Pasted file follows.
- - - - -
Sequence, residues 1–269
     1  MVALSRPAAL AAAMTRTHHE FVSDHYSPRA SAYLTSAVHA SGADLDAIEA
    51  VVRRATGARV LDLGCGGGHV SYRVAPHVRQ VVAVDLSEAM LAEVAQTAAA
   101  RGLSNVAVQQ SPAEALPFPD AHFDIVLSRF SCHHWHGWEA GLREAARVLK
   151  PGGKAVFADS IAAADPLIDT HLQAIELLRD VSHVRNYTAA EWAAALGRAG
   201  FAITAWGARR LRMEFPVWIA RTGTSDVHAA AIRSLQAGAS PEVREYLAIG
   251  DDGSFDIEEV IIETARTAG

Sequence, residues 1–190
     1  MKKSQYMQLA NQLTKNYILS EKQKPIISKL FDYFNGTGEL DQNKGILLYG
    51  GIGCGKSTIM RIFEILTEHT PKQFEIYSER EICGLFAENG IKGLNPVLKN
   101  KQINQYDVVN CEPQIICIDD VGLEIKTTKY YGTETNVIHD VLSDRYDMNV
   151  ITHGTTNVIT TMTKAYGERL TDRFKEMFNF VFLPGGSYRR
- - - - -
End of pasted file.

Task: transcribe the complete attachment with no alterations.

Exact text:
Sequence, residues 1–269
     1  MVALSRPAAL AAAMTRTHHE FVSDHYSPRA SAYLTSAVHA SGADLDAIEA
    51  VVRRATGARV LDLGCGGGHV SYRVAPHVRQ VVAVDLSEAM LAEVAQTAAA
   101  RGLSNVAVQQ SPAEALPFPD AHFDIVLSRF SCHHWHGWEA GLREAARVLK
   151  PGGKAVFADS IAAADPLIDT HLQAIELLRD VSHVRNYTAA EWAAALGRAG
   201  FAITAWGARR LRMEFPVWIA RTGTSDVHAA AIRSLQAGAS PEVREYLAIG
   251  DDGSFDIEEV IIETARTAG

Sequence, residues 1–190
     1  MKKSQYMQLA NQLTKNYILS EKQKPIISKL FDYFNGTGEL DQNKGILLYG
    51  GIGCGKSTIM RIFEILTEHT PKQFEIYSER EICGLFAENG IKGLNPVLKN
   101  KQINQYDVVN CEPQIICIDD VGLEIKTTKY YGTETNVIHD VLSDRYDMNV
   151  ITHGTTNVIT TMTKAYGERL TDRFKEMFNF VFLPGGSYRR